art

Photo courtesy of Jim Wildeman

For more than half of its life, a century-old mansion on Milwaukee’s east side has been open to the public, first as a library and then as an art museum. But until now, much of the building that houses the Charles Allis Museum’s collection has been off-limits to the public.

pathdoc / Fotolia

Both Shaw’s “Pygmalion” and the musical adapted from it, “My Fair Lady” make the point that it’s not just clothes that make the man – or the woman. Speech plays a part as well, perhaps even more so.  The current production of “My Fair Lady” running at the Skylight took advantage of a UWM speech and dialect coach to ensure that these very American actors could credibly sound like Cockney Londoners.

marcuscenter.org / Black Arts Think Tank

When American poet and playwright Langston Hughes wrote the play originally named Wasn’t It a Mighty Day?, the American civil rights movement was gaining momentum. 

It was 1961, and the play became Black Nativity. It was one of the first plays written by an African-American person to be performed off-Broadway.

Ryan Blomquist

Among the holiday offerings that reliably come around this time of year – like the Milwaukee Ballet’s Nutcracker, the symphony’s Holiday Pops concert, and the Milwaukee Rep’s “A Christmas Carol,” there’s always one that swims against the tide.

Milwaukee Opera Theatre / facebook.com

There have been many stage plays, movies, and books that are about booksellers or people in the literary world.  But a new production by Milwaukee Opera Theater takes it to its logical conclusion.

The Story of My Life” is about friendships, writers, and books, and is set in a bookstore.  So it only made sense to actually stage the musical among the stacks at Boswell Book Company. 

Courtesy the Estate of Larry Sultan / Milwaukee Art Museum

The big news at the Milwaukee Art Museum is that its long-anticipated new addition is about to open, along with the rest of the museum, which was renovated at the same time.  But there is still art to see between now and the grand re-opening on November 24th.

David DeSilva / Axis Dance Company

This week one of the more innovative and inspiring modern dance companies in the country will call Sheboygan’s John Michael Kohler Arts Center their temporary home. Axis Dance Company is based in Oakland, California, and draws on the equal talents of able bodied and disabled dancers alike to expand on the idea of what movement can be and is for.

Milwaukee Institute of Art & Design / facebook.com

When former MIAD President Neil Hoffman announced he was retiring, the school conducted a 6 month international search for his successor. But it turned out that Jeffrey Morin, the person selected for the position, wasn’t too far away. Before he began his tenure at MIAD in June, Morin had been the Dean of the College of Fine Arts & Communication at UW-Stevens Point.

Federation of American Societies For Experimental Biology / faseb.org

Art is a very human way to explore and reflect the world we experience. It often asks questions of us who view or hear it and it can be calming or unsettling. The art itself can be kinetic or static; it can aural or visual or both. But what it usually isn’t, is living.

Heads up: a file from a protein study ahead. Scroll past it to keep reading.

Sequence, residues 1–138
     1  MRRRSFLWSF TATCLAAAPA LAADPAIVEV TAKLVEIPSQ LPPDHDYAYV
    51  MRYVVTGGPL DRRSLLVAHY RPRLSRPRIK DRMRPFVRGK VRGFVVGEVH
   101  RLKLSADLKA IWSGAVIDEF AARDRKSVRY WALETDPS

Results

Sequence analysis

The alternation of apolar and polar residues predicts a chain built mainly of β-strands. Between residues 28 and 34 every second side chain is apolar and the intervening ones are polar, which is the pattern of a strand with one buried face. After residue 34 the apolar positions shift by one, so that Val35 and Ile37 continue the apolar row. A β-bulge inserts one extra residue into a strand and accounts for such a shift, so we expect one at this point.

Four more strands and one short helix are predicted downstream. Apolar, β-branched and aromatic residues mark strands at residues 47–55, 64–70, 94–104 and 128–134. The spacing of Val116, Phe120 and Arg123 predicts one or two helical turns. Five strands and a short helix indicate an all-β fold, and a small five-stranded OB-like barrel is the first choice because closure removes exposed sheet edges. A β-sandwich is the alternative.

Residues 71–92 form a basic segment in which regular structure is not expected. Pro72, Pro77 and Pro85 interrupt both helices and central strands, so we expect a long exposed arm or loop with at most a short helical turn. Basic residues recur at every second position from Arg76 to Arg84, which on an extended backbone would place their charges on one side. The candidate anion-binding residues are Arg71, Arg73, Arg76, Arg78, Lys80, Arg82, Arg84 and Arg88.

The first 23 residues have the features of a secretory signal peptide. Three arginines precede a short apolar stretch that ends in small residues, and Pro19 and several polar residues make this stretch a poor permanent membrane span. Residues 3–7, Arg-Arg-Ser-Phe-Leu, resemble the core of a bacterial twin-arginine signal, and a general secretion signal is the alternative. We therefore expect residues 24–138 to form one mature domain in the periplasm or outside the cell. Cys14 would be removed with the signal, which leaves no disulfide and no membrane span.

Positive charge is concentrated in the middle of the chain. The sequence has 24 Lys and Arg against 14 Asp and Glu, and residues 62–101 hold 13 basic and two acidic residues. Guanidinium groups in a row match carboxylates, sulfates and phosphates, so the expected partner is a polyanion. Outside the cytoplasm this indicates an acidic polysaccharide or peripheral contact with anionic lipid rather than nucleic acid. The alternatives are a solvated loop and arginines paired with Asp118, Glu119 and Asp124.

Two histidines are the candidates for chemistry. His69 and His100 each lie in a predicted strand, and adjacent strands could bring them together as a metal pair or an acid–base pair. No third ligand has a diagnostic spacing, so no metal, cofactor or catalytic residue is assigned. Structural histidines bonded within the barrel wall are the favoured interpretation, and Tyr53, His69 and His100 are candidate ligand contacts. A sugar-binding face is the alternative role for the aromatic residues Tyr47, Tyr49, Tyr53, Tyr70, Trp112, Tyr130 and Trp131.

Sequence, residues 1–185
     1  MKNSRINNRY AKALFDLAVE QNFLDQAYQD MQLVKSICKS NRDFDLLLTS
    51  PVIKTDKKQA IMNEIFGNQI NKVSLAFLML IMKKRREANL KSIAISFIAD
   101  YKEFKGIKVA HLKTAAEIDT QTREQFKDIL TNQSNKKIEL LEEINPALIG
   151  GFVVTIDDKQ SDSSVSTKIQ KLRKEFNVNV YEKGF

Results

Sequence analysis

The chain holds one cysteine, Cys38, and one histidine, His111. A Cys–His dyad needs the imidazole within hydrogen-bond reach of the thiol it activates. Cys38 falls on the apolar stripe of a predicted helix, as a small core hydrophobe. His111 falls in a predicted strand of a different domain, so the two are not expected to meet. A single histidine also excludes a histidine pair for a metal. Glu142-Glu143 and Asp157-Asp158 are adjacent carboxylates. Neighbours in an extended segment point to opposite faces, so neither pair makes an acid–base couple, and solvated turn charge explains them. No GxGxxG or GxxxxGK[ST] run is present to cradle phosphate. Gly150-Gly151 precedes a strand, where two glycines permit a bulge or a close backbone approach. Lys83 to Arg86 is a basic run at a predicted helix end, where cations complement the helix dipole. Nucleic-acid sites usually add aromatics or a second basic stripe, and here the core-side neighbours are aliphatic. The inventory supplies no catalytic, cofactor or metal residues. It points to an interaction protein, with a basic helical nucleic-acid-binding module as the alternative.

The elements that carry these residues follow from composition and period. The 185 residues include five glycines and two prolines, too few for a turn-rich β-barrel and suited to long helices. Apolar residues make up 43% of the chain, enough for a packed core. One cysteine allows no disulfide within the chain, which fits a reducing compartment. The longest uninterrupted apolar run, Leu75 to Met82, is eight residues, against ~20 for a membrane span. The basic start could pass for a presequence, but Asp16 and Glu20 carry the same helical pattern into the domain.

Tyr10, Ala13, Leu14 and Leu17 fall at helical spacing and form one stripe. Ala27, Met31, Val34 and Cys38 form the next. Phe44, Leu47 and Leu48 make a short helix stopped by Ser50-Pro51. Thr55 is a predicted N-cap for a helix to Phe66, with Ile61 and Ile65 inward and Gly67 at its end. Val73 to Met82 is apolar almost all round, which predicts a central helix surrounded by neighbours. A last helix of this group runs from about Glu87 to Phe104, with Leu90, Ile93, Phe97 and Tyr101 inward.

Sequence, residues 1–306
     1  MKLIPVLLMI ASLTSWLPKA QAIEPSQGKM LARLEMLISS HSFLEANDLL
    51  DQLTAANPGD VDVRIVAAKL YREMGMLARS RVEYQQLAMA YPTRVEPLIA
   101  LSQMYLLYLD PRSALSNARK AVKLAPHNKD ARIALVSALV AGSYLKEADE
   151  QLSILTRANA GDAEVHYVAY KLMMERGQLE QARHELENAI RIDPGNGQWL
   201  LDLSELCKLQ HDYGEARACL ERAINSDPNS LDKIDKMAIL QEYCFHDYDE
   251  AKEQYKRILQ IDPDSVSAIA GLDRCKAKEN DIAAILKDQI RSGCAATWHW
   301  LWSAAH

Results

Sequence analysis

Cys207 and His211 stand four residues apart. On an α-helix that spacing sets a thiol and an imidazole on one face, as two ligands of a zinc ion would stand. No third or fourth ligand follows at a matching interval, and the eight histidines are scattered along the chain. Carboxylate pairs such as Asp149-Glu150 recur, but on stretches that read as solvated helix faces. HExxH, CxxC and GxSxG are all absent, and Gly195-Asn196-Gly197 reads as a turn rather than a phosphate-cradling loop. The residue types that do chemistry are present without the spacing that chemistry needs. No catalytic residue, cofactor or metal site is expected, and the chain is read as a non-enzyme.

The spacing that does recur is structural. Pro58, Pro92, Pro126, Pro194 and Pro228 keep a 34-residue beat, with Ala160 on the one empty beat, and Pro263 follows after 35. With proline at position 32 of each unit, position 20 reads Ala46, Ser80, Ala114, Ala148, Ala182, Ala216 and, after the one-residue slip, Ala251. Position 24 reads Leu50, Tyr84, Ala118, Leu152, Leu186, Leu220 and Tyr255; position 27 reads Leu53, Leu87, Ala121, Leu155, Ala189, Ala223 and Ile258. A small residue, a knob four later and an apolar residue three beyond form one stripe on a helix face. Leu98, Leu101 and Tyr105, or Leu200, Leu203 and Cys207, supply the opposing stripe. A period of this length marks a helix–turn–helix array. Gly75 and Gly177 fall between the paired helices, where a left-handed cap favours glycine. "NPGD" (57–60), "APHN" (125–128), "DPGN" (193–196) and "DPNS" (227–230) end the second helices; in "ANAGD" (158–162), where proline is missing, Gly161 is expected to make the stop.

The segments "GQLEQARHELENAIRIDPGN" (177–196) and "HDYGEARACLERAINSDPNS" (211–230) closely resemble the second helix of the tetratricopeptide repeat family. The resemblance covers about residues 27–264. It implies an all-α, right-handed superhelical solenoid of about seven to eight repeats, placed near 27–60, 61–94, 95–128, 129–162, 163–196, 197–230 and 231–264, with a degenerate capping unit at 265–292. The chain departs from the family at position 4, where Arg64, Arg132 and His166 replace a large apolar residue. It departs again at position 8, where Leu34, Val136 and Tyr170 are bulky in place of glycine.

Haggert Museum, Facebook

Until this year, the Haggerty Museum of Art at Marquette University had only had two directors in its 30-plus year history.

After Wally Mason left the museum to take a similar job in Nebraska, the university hired Susan Longhenry. She was director of the Harwood Museum of Art in Taos, New Mexico.

Starving Artists' Show of Mount Mary University / facebook.com

This weekend, Mount Mary University’s enormous front lawn is transformed into an art gallery.  The 46th annual Starving Artists show features art work from more than 200 local and national artists, all selected via jury.

Palladium Print © J. Shimon & J. Lindemann / Museum of Wisconsin Art

Update: Photographer Julie Lindemann died of cancer Tuesday. 

Original Post, April 22, 2015: Wisconsin is home to a great many world class artists. Among those are the photographers Julie Lindemann and John Shimon, both of whom were born in the state and have made it their professional home.

Milwaukee Art Museum

Due to the construction of the Milwaukee Art Museum's new wing, almost all of the museum remains closed the summer. But that doesn’t mean isn't anything to see. In fact, some of the most significant works of art from the late 19th and 20th centuries are on display.

From Salvador Dali to Andy Warhol and lots of artists in between, the Van Gogh to Pollock: Modern Rebels exhibit that is on display through September is like a survey of some of modern art’s greatest hits.

401(K) 2012 / Flickr

Over the last year, the nonpartisan Public Policy Forum has been examining how arts and culture are paid for in the Milwaukee area.  The first two reports in the group’s series focused on the public financing component.

But a great deal of business and private philanthropy support is given to arts and culture programs and institutions in Milwaukee.

Courtesy of the Artist / Racine Art Museum

The Racine Art Museum is known for its somewhat quirky rotating exhibits alongside its more serious collection of sculpture, pottery and paintings.

Two temporary exhibits that are very different from each other in nature opened earlier this summer. One explores science fiction and fantasy-based themes of Doctor Who, Star Wars, superheroes, and steampunk, while the other showcases the work of familial artists—couples, parents and children, and siblings.

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